WALKWAYS & CYCLEWAYS
The highlight for Spatialize® in 2018, was mapping walkways, cycleways and mountain bike trails. These projects involved a combination of desktop and field mapping. The purpose of the projects varied, from submission of evidence for the District Plan appeals, to supporting application's to the Provincial Growth Fund to stimulate regional economy through tourism.
One of the major projects undertaken by Spatialize® in 2017 involved considerable data analysis and geoprocessing. The project involved creating a new "catchment" layer based on historic paper maps from the 1960s and 1970s. The catchments were then used as one of the input layers in a geoprocessing model to assign categories and areas to the features of interest layer. The goal was to be able to replicate the process as and when required and to be updated as new information comes to hand, with the resulting data used to update an existing database.
In 2017 and 2022, Spatialize® was contracted to update parks and recreation maintenance maps for the upcoming maintenance contracts. Coincidentally, new aerial photography had been released in 2017, enabling the assets data to be updated and walkways to be mapped.
Spatialize® developed an online public engagement web application for consultation on the proposed camping in public places bylaw.
For the public engagement portion of the project, Dianne developed a web map application that enabled the public to place a pin on the map and register their feedback about the proposed sites.
For the final phase of the project, Dianne developed a simple web map enabling the public to find out where they can camp and where camping is prohibited.
NORTHLAND'S COAST STORYMAP
Each year, the New Zealand Esri User Group provides an opportunity for GIS users to put their work up against their peers in the Great Kiwi Map Competition. In 2016, Dianne was runner up with her storymap featuring Northland's Coastline. Dianne created her storymap by pulling together public data and information on surf patrolled beaches, surf breaks, water quality and tourist information, on a selection of the best beaches in the North.
In 2015, to apply GIS and precision farming practices to the family farm, Dianne created a farm map to help the new fertiliser spreader driver navigate the farm. The map, uploaded onto the drivers GPS mapping device, showed paddock layout, access points, hazards and risks, location of gates and farm tracks, as well as the spreading rates required for the different areas of the farm. This helped the spreader driver navigate the farm efficiently, reducing drive time and improving cost efficiencies. The map also identified areas that could be hazardous for the driver to navigate, and in turn provided a safe working environment for the driver.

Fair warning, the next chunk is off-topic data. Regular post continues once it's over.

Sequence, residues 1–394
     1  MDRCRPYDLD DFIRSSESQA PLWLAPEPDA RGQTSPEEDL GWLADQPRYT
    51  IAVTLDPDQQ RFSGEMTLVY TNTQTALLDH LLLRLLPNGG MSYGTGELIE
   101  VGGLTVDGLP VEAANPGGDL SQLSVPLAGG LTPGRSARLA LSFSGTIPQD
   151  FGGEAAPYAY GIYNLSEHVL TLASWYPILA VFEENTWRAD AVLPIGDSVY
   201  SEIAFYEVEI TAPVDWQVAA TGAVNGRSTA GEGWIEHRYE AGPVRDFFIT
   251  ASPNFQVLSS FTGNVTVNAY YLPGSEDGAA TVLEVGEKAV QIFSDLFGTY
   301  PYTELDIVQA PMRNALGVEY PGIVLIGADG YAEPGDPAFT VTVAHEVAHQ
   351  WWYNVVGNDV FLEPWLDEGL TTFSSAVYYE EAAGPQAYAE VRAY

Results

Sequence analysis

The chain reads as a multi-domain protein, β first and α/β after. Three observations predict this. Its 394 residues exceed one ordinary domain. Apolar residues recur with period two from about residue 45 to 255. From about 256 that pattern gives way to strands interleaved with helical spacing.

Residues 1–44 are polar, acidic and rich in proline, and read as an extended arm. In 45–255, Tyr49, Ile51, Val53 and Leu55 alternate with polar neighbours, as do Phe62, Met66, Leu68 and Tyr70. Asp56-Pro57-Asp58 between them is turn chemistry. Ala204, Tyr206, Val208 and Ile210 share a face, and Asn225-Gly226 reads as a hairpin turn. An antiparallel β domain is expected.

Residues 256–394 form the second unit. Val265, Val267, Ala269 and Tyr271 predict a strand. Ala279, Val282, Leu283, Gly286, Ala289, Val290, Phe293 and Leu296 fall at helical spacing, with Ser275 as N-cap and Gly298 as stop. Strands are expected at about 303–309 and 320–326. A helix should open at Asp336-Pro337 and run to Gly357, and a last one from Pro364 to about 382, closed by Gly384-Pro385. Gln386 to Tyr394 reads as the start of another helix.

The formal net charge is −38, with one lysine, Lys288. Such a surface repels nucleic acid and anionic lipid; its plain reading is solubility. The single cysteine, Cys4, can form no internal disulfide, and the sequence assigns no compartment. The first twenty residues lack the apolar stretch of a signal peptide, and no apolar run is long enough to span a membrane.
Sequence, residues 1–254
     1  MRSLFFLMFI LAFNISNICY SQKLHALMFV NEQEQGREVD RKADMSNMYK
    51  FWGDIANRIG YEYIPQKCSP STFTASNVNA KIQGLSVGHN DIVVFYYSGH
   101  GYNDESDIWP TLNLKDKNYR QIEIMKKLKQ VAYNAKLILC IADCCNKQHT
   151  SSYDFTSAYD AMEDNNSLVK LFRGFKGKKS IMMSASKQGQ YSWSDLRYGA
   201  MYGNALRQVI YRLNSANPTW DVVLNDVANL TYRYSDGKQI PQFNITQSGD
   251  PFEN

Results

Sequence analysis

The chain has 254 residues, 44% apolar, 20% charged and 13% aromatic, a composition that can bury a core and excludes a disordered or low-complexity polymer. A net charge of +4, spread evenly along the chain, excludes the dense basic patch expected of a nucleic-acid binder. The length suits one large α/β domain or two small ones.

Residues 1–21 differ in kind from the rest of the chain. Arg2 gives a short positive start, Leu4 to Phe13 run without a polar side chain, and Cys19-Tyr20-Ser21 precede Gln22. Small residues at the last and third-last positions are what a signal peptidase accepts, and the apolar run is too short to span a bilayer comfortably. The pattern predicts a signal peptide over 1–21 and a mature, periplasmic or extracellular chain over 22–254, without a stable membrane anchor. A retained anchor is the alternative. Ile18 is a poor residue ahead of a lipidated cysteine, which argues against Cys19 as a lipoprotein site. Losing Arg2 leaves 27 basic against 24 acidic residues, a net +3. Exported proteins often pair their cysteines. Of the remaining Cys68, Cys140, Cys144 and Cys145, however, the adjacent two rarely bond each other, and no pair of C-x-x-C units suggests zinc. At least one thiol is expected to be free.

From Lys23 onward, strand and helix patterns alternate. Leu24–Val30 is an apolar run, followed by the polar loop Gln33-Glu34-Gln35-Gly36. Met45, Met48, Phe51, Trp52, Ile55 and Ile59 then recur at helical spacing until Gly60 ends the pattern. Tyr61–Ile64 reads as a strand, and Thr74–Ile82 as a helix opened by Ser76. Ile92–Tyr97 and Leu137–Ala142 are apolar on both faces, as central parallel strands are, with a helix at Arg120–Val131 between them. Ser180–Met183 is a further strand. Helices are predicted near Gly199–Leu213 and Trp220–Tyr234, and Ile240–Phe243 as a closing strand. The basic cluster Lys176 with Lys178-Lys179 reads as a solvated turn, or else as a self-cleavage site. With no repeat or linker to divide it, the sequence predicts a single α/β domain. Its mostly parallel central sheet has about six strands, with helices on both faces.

MOBILE FIELD MAPPING
To support the precision farming project, Dianne also undertook soil sampling, using a mobile field app to map the soil sample sites. The results from the soil samples would then determine the most suitable fertiliser to improve nutrient balance for effective pasture and stock management.
Because the soil sampling would be repeated annually, Spatialize used a mobile field app to enable sampling consistency and replication. By viewing the soil sample locations on soil and aerial photo basemaps, the mobile field app also ensured that the soil sample locations were a representation of the different soil and pasture types across the farm.
Google has now made it very easy to visualise maps in 3D. However, in 2000, Dianne was a pioneer in 3D visualisation with the developmenet of a series of 3D fly through's for the Grampian National Park in Victoria, Australia. Dianne was developing 3D maps in the days before the computer game Doom, Google and Esri made 3D visualisation popular. The 3D model displayed here, was built using LiDAR DEM and LANDSAT satellite imagery. It was groundbreaking in its time and was showcased at the URISA and ESRI conferences in 2000.
DEMOGRAPHICS AND POPULATION MODELLING
A major piece of work Dianne undertook while at the Whangarei District Council in 2006-2011, was formulating the Whangarei District population growth model. This involved multivariate data analysis and spatial analysis to combine census data, planning zones and consent information to model potential future population, locate areas of growth and pressures on infrastructure, and modelling the population capacity for planning future infrastructure requirements.
One of Dianne's many strengths is the ability to understand planning requirements, to simplify spatial planning and to formulate the planner's vision into a reality. Dianne has spent many years working with planners, managing District Plan mapping and GIS systems for several local authorities, modelling the impact of plan changes on the environment and population, and adding value to Section 32 planners reports with statistical data analysis, spatial analysis and scientific information.